We had another run-in with the ants today, but these guys weren’t the same hug-you-en-masse fire ants who made our acquaintance on our permaculture walk. These were more recognizable big, black ants, but still biters, according to Dave. Today was our day of Bokashi – a word we’ve heard gleefully uttered pretty much every day since our arrival. Andres, our gardener, is always enthusiastically shouting “Bokashi!” in his Colombian accent, dissolving into a slurry of Spanish to explain the wonders of micro-organisms and his love affair with soil. And finally today we were able to share in his passion. Only, the ants weren’t as happy about our special moment.
Bokashi, turns out, is more than just something Andres says when he’s bounding from compost to mulch pile, it’s actually a Japanese recipe for creating dirt. Today we mixed mulch, wheat and corn husks, wood shavings, charred organics from town, dried leaves, and ash together with a weird molasses concoction that contained humus Andres had scraped from a nearby forest, molasses, yeast and water. You would think being covered in molasses would be like our olive branch to the ants, but no such luck. After just a few minutes in I noticed a really pissed off colony itching for some payback that was marching out of the dirt I was chucking into our soon-to-be-Bokashi. But, by the time I warned the others, it was too late. Dave already had several dozen ants scrambling from his shoes, up his pants and gunning for the shirt collar. Because these guys are a bit bigger, they move faster than their fire ant cousins.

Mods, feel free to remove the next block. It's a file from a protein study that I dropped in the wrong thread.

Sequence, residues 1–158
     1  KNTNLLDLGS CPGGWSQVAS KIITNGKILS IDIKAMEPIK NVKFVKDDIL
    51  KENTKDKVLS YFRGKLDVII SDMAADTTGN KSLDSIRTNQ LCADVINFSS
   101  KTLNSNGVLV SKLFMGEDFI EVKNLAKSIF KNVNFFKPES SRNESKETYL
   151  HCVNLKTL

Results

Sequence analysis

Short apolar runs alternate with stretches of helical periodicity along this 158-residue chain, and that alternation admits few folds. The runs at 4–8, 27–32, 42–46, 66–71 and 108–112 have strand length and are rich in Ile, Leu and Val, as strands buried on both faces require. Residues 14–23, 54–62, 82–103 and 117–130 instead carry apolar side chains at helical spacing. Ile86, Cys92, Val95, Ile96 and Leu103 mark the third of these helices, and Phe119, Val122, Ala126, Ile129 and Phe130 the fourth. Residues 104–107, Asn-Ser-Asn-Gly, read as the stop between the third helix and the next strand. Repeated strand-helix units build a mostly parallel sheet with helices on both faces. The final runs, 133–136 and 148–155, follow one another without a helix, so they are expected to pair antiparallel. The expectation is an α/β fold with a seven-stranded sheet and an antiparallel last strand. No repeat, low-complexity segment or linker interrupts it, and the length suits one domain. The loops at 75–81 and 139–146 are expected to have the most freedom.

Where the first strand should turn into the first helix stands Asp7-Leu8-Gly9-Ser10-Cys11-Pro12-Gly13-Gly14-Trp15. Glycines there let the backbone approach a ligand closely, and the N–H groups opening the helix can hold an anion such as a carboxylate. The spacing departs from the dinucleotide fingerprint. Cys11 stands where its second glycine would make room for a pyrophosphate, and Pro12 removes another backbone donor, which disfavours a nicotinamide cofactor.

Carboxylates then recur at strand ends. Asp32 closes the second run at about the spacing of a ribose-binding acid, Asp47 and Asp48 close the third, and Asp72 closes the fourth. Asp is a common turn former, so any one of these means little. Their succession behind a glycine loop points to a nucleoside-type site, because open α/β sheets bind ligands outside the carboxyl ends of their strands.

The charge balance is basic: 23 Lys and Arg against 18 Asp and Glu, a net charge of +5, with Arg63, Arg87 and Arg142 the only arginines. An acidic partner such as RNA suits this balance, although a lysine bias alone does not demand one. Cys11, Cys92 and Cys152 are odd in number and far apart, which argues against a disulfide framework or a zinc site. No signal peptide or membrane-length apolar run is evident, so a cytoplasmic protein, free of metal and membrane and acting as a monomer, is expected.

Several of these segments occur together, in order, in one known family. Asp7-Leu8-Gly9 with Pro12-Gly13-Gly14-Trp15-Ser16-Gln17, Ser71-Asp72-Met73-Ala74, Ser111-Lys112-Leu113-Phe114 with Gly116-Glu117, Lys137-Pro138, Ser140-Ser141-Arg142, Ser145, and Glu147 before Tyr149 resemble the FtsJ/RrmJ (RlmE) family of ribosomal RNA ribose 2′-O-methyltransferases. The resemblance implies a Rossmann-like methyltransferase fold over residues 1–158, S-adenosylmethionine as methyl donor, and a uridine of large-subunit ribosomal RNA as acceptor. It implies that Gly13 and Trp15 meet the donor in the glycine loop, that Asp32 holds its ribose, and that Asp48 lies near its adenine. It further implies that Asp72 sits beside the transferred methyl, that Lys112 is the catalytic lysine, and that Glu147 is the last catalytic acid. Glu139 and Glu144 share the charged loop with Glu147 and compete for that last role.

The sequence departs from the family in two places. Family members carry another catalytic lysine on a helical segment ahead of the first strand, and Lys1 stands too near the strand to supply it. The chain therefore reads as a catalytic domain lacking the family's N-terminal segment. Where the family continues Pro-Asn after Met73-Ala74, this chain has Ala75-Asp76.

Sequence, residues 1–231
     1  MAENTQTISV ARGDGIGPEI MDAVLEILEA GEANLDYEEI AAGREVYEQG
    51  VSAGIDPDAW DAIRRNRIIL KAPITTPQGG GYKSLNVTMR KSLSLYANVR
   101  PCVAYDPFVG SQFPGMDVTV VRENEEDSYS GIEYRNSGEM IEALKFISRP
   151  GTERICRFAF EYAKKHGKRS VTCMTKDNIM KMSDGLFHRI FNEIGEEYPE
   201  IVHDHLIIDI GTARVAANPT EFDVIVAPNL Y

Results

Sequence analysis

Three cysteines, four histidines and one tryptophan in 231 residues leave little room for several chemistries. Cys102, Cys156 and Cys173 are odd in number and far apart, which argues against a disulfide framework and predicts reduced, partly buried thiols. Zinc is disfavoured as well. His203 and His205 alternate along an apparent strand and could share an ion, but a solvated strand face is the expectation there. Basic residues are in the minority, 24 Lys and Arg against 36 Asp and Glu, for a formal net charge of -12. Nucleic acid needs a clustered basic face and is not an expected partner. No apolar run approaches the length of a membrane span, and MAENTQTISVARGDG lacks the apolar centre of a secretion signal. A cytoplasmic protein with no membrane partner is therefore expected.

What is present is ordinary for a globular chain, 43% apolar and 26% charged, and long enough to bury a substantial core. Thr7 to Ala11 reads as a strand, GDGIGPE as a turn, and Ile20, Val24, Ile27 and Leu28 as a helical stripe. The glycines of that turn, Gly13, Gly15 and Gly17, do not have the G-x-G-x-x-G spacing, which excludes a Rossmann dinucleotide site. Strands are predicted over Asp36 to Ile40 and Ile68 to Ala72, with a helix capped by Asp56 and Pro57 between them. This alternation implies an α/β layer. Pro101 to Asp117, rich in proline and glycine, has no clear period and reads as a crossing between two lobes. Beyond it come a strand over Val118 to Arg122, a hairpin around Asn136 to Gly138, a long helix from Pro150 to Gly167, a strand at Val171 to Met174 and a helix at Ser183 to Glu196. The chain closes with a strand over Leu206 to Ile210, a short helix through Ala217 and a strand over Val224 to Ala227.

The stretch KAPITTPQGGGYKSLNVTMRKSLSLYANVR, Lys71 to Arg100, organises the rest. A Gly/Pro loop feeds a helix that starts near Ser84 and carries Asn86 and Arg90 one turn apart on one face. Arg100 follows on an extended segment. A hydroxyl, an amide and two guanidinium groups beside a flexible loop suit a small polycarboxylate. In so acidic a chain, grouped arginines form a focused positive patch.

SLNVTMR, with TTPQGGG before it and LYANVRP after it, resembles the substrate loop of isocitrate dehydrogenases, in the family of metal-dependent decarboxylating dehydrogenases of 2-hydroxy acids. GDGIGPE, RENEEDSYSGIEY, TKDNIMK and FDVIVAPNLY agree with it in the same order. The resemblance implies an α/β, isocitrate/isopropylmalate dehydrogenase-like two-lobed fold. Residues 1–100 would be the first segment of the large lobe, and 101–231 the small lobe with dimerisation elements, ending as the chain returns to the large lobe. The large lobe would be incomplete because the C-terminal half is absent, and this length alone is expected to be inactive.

Yep, he had ants in his pants. One added bonus of zip-off pants: getting the bugs out easier.